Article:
Synchronized swimming (“synchro”) is a unique sport in which power, strength and technical skill are presented as an artistically beautiful choreographed routine. Overall body strength and agility, grace and beauty, split-second timing, and musical interpretation are simultaneously blended together to create a fluid presentation. The competition rules and the manner of judging are similar those in figure skating and gymnastics.
Ever since synchro began in the early 1900s, spectators have been awed by the grace and power of this exciting sport. The first U.S. National Championships were held in 1946. Synchronized swimming became a part of the Pan American Games in 1955 and the World Aquatic Championships in 1973. In 1984, synchronized swimming was finally added to the Olympic Games. This event is expected to be a crowd favorite yet again at Rio 2016.
For more information about the United States National Teams, upcoming events and results, see the US National Team page.
Health Benefits of Synchro
Synchronized swimming is a physically demanding sport that tests the athlete’s aerobic and anaerobic endurance, strength, and flexibility. It is also an extremely cerebral sport, requiring memorization of routines, a heightened kinesthetic awareness, and concentration.
The July 2012 edition of The Winged M (p. 68), a publication of the Multnomah Athletic Club which itself has an outstanding synchro team, cites a study by the Indiana University Department of Kinesiology that concluded: “Synchro workouts rely on the brain’s neuro-plasticity: its ability to change and adapt.” According to the research, synchro improves brain – neuron connectivity and helps preserve the reaction time between the brain and the muscles well into the adult senior years.
All in all, it’s a great all-around sport for both the young and the old.
It Just LOOKS Easy!
The most important piece of equipment for synchronized swimmers is the nose clip. This insignificant-looking swimming aid is critical as it prevent water from entering the nasal cavity during an upside-down performance. A synchro swimmer always carries an extra nose clip in her suit in case the one she is wearing gets knocked off during a routine.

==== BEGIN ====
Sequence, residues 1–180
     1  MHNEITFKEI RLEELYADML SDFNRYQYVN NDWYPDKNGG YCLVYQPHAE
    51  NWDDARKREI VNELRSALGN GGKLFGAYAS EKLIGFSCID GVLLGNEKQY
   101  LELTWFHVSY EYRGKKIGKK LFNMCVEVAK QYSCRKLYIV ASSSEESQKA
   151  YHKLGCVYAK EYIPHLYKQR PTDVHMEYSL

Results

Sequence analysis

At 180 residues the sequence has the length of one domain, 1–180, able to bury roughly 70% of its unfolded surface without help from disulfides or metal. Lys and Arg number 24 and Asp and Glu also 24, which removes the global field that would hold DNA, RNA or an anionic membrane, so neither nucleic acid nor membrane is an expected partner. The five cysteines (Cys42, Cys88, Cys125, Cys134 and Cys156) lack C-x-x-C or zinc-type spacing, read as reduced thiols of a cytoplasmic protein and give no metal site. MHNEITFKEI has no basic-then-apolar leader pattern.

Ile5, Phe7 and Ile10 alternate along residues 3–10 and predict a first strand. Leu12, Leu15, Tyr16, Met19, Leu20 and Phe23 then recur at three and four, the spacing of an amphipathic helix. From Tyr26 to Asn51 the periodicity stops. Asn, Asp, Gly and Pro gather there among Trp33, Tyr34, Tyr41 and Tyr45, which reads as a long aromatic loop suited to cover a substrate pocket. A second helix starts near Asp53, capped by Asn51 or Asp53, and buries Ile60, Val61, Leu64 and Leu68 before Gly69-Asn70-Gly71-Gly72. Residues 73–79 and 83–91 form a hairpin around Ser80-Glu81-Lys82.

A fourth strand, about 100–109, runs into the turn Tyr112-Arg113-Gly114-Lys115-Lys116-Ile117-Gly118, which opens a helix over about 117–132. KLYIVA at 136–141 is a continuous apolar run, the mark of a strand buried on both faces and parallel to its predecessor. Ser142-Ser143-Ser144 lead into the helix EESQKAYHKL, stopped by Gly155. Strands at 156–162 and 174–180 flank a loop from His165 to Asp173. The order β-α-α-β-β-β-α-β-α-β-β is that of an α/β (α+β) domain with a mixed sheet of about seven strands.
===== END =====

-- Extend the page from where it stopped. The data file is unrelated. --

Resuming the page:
For lack of a better product, dissolved unflavored gelatin (Knox), is used to keep a synchronized swimmer’s hair in place while she is spinning upside down and moving throughout the pool. It also makes all the swimmers of the team appear similar.
The sequined suits the athletes wear are also meant to enhance the performances. Make-up brings out the swimmer’s features and the constant smile seen on a swimmer’s face is meant to deceive the audience into believing that the performance is easy.
An underwater speaker lets the athletes hear the music clearly, helping them achieve split-second timing critical to synchronized swimming.
A lift is done by raising the body of one or more swimmers up to or above the surface of the water. Swimmers execute lifts with only their body strength and are not allowed to use the bottom of the pool — EVER.
In a five minute routine, athletes might spend up to one minute underwater without air while simultaneously using their arms and legs to suspend themselves above water. The effort can be compared to running without taking a breath for up to 30 seconds.
The grace and ease with which the athletes perform come after hours of practice. While Olympic/elite level synchro swimmers may spend as much as 40 hours a week in the pool, they spend another 8-10 hours cross-training for strength and endurance and stretching for flexibility. A typical youth competitive team spends about 9-12 hours per week stretching, doing cardio on land, swimming laps, working on compulsory figures and practicing routines.
Finally, binding all these different aspects together are the friendships and camaraderie the team members share as they support one another figuratively and literally in this unique sport. Team members rely on one another for many things, from complex lifts and formations, to Knox-ing hair and putting on make-up. Veteran swimmers mentor younger ones and even at meets, competing teams show courtesy and respect for one another.